The elevated living space can range between 250 to 400 square feet while providing shade underneath, along with a nifty parking space. The 40-square-foot base of the building can hold up to 1,500 gallons of water, which means there are no water bills—or electric bills, for that matter—to worry about here.

Elevate Microhome1
(Image courtesy Elevate Structure)

Not quite a classic Tudor-style structure, maybe some of these tiny homes will rise on the beaches of the Hamptons come Summer 2016?

For more information, visit Elevate Structure’s official website and support them via their Kickstarter campaign here.


Green Architecture News: Getting “Low” in the LES

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(Image courtesy RAAD Studios)

Can the world’s first underground park become a reality in Manhattan’s Lower East Side? Considering the fact that the project’s organizers were recently able to attract 2,564 donors and raise $223,506, well over their $200,000 goal, in a single Kickstarter campaign, the answer seems to have become a bit more clear.

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(Image courtesy RAAD Studios)

The park is set in a subterranean Delancey Street station once known as the Williamsburg Bridge Trolley Terminal that has gone untouched since 1948. Much of the hub’s original detail remains. The Lowline is projected to be a green, public gathering space the size of a football field made possible with the use of an innovative, as-yet developed sunlight-funneling system.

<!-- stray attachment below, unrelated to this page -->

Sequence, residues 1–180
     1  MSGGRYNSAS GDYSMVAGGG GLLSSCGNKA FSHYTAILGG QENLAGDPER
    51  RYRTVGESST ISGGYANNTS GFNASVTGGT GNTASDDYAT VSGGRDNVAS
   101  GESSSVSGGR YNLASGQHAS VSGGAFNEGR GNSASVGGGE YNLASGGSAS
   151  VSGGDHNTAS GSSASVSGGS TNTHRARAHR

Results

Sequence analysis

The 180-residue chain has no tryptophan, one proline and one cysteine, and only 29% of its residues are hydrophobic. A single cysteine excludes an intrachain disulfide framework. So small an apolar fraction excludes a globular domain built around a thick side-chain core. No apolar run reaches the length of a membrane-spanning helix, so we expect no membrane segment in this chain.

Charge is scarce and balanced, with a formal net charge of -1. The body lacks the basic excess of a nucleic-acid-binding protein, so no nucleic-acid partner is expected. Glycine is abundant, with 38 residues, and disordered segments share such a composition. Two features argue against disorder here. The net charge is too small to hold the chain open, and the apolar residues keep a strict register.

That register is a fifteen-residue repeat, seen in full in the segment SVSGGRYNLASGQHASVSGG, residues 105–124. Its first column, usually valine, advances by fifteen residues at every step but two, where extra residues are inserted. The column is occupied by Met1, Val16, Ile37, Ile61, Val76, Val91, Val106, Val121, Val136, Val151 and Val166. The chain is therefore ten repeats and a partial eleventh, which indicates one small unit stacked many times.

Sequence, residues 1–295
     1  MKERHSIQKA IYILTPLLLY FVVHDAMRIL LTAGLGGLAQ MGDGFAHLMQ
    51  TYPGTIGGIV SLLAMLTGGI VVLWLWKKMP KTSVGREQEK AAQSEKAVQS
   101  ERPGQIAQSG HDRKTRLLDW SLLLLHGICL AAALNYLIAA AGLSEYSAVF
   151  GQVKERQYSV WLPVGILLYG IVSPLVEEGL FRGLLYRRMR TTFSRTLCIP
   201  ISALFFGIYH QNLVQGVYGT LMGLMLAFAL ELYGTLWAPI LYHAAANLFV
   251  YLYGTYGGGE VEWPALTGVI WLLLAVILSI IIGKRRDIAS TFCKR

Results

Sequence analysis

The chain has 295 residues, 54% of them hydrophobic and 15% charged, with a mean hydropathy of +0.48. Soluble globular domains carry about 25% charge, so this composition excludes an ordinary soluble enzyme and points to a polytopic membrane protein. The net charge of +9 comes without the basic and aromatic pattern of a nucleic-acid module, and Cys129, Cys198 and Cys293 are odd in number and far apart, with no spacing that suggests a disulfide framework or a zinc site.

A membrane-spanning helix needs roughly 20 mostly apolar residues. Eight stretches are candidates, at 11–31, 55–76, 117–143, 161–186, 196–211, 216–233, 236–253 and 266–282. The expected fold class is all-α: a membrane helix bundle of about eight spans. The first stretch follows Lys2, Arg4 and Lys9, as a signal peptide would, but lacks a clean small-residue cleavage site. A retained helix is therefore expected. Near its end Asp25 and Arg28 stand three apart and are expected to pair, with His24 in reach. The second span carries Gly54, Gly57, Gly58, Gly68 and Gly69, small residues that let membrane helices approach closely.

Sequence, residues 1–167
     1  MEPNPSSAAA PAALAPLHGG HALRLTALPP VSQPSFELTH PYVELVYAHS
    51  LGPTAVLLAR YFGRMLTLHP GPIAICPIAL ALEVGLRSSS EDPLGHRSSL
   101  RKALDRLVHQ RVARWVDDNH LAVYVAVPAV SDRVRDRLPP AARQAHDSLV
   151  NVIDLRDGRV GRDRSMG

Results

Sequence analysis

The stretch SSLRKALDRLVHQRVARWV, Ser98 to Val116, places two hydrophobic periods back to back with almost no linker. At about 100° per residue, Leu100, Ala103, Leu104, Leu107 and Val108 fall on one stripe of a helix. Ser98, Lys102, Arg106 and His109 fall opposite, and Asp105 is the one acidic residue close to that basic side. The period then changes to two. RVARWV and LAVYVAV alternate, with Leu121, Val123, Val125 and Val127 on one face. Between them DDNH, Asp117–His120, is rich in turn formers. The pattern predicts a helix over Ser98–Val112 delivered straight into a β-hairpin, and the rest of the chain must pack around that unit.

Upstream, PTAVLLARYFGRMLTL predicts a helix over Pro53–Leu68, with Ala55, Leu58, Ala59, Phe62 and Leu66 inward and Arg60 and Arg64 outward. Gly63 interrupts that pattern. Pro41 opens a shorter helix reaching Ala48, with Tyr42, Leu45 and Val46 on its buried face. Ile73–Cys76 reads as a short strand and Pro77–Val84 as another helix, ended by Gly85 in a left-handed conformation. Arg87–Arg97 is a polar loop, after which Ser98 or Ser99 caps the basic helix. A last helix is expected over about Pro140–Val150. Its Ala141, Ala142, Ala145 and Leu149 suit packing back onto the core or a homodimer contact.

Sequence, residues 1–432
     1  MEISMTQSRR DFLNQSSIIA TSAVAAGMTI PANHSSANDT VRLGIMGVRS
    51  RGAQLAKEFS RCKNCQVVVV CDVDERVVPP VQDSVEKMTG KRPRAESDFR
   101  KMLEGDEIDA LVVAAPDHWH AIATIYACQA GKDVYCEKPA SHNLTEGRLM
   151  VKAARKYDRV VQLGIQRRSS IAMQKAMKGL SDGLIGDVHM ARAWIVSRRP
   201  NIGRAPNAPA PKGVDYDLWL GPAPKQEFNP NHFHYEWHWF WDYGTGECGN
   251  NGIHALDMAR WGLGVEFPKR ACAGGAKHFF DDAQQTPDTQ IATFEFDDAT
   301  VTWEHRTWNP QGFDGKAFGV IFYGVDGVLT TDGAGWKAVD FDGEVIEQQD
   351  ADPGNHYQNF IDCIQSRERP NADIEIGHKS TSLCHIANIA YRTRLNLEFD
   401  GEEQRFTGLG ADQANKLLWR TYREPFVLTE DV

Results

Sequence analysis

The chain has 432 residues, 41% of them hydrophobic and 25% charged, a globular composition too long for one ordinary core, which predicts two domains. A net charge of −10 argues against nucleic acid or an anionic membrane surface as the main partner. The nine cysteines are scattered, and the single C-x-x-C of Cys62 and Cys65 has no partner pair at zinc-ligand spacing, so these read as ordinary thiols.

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(Image courtesy RAAD Studios)

James Ramsey, an architectural designer and former NASA satellite engineer, and Dan Barasch, an art-conscious social entrepreneur, are the aspirational duo behind the project. Ramsey’s RAAD Studios will be tapped to design the park should all of the required funding be accrued and approval be garnered from local community boards and the MTA which currently controls the trolley station.

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(Image courtesy RAAD Studios)

Ramsey and Barasch envision a quaint, botanical-garden-like atmosphere—that just happens to be underneath one of the most densely populated areas of New York City. They hope to collect sunlight from adjacent rooftops using efficient mirrors that will redirect the beams into the subterranean recess, helping to create an environment welcoming to an eclectic mix of plant species.

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(Image courtesy RAAD Studios)

The Kickstarter campaign funds will go first to the construction of Lowline Lab where the developers can design and test the new technology, which they hope to do this coming fall. They have also partnered with horticulture experts from the Brooklyn Botanic Garden to help curate. Throughout the testing phases they will measure the effectiveness the proposed space will have on human happiness levels. 

For more information on this project visit RAAD Studios’ official website and the Kickstarter page where you can contribute as well.

Green Architecture: The Floating Cities of the Future

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The Seasteading Institute, an organization that imagines innovative societies of the future, recently launched an architectural design contest called “The Floating City Project.” They’re accepting entries of renderings depicting sustainable floating metropolises that could one day become a practical reality. The institute’s ultimate goal is to select a location in calm, territorial waters of a host nation for what may be the world’s maiden city at sea. First, they’ll review graphics of the participants’ initial propositions, which are due June 1st, and many of them might be inspired by some of these renderings already out there on the web. Here are four futuristic floating cities already dreamt up by some forward-thinking architects from around the world: